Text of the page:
The U.S. Mafia: Hierarchy and Rituals

Typically, each American Mafia crime family was organized around a hierarchy headed by a boss, who ruled with unquestioned authority and received a cut of every money-making operation taken on by any member of his family. Second-in-command was the underboss and below him were the capos, or captains, who each controlled a crew of 10 or so soldiers (men who had been “made,” or inducted into the family). Each family also had a consigliere, who acted as an advisor and ombudsman. At the bottom of the chain were associates, people who worked for or did business with the family but weren’t full-fledged members.

Becoming an official member of a Mafia family traditionally involved an initiation ceremony in which a person performed such rituals as pricking his finger to draw blood and holding a burning picture of a patron saint while taking an oath of loyalty. Italian heritage was a prerequisite for every inductee (although some crime families required such lineage only from the father’s side) and men often, though not always, had to commit a murder before they could be made. Becoming a member of the Mafia was meant to be a lifetime commitment and each Mafiosi swore to obey omerta, the all-important code of loyalty and silence. Mafiosi were also expected to follow other rules, including never assaulting one another and never cheating with another member’s girlfriend or wife.

The Mafia’s 20th-Century Dominance

With the repeal of Prohibition in 1933, the Mafia moved beyond bootlegging and into a range of underworld activities, from illegal gambling to loan-sharking to prostitution rings. The Mafia also sunk its tentacles into labor unions and legitimate businesses, including construction, garbage collection, trucking, restaurants and nightclubs and the New York garment industry, and raked in enormous profits through kickbacks and protection shakedowns. Instrumental to the Mafia’s success was its ability to bribe corrupt public officials and business leaders, along with witnesses and juries in court cases.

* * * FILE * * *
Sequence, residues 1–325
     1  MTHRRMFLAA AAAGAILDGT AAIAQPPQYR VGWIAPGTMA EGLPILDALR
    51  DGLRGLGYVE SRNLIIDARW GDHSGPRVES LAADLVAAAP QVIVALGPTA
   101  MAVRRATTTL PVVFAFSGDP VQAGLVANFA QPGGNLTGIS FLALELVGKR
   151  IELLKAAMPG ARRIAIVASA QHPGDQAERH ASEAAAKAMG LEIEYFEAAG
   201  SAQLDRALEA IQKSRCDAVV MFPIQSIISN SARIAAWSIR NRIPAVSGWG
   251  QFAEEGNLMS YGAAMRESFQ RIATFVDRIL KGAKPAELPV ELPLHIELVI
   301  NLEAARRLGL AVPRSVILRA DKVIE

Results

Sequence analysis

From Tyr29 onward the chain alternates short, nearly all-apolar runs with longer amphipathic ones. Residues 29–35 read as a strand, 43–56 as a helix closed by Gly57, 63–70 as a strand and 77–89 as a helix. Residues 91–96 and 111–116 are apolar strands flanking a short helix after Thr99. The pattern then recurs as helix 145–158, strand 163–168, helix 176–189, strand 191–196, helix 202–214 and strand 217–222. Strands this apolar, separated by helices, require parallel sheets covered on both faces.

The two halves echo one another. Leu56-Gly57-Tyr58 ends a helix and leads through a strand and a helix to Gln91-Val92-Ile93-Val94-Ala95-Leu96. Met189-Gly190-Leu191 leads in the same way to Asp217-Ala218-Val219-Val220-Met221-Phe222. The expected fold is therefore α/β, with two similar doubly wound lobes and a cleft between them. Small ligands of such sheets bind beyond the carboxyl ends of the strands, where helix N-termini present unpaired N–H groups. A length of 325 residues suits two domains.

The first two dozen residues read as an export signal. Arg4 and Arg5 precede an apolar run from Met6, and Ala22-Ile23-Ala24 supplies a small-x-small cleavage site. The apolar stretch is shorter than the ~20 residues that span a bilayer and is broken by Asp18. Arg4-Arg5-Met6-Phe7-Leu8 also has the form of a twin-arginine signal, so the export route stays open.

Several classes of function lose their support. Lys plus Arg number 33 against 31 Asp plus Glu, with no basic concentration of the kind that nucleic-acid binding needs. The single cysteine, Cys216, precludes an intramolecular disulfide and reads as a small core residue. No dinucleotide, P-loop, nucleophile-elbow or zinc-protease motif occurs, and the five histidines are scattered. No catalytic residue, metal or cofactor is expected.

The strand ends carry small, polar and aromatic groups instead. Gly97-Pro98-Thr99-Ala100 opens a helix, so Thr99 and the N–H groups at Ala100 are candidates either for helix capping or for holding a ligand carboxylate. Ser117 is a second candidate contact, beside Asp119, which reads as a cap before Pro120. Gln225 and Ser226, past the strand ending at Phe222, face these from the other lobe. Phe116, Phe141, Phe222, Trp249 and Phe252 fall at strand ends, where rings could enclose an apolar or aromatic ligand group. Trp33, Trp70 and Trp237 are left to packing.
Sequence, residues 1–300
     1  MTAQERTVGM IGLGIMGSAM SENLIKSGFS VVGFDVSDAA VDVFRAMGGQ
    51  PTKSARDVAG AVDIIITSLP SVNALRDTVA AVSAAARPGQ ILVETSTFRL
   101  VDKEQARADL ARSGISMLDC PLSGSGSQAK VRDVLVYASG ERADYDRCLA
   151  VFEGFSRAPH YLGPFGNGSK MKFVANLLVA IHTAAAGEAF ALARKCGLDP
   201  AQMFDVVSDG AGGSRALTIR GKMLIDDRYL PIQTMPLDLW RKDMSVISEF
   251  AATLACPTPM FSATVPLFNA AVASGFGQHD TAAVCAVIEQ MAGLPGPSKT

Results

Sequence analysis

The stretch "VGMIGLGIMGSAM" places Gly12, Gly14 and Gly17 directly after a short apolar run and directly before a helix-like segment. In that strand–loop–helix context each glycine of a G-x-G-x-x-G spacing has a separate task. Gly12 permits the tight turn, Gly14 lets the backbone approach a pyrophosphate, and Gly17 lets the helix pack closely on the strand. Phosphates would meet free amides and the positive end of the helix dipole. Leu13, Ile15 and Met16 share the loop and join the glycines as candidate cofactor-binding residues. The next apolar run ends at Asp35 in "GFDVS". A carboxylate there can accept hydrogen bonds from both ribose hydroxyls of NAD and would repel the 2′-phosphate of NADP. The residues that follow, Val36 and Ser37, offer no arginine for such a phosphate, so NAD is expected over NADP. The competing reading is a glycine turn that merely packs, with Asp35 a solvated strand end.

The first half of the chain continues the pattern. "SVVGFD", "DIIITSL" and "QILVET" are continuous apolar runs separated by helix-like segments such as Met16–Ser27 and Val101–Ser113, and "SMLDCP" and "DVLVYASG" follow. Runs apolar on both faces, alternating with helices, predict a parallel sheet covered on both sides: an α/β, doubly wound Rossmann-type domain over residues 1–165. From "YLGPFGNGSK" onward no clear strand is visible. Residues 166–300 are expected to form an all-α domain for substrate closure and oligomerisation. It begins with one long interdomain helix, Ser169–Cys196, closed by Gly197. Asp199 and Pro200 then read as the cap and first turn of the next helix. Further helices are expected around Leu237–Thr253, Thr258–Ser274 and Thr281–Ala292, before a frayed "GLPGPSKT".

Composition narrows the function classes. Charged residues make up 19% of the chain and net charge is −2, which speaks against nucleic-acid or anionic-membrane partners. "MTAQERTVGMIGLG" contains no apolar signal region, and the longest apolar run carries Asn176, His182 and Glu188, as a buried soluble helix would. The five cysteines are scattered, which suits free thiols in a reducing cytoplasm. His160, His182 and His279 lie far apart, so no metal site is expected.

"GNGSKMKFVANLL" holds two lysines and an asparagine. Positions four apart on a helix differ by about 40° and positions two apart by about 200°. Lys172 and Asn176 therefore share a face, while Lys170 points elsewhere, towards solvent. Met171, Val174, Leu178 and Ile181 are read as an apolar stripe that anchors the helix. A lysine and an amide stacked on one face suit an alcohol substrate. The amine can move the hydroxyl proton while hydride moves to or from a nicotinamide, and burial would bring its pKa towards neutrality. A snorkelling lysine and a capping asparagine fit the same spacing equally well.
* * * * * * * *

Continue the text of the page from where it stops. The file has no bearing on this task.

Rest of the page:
By the mid-20th century, there were 24 known crime families in America, comprised of an estimated 5,000 full-fledged members and thousands of associates across the country. Prior to the 1960s, some government leaders, including FBI Director J. Edgar Hoover, voiced skepticism about the existence of a national Italian-American organized crime network and suggested instead that crime gangs operated strictly on a local level. As a result, law enforcement agencies made few inroads in stopping the Mafia’s rise during this period.

Taking Down the Mafia

In 1970, Congress passed the Racketeer Influenced and Corrupt Organizations (RICO) Act, which proved to be a powerful tool in the government’s war on the Mafia, as it allowed prosecutors to go after crime families and their sources of revenue, both legal and illegal. During the 1980s and 1990s, RICO laws were used to convict numerous high-level mobsters. Some Mafiosi, faced with long prison sentences, broke the once-sacred code of omerta and testified against their fellow mobsters in exchange for a place in the federal witness-protection program. At the same time, Mafia membership declined as insular Italian-American neighborhoods, once a traditional recruiting ground for mobsters, underwent demographic shifts and became more assimilated into society at large.

By the start of the 21st century, the American Mafia was a shadow of its former self. However, the Mafia remained active in some of its traditional ventures, including loan-sharking and illegal gambling, and its involvement in labor unions and legitimate industries such as construction hadn’t been completely eliminated. Contributing to the Mafia’s continued survival may be the fact that following the September 11, 2001, terrorist attacks on America, significant resources devoted to investigating organized crime (which had already seen cuts prior to 9/11) were shifted to counterterrorism work.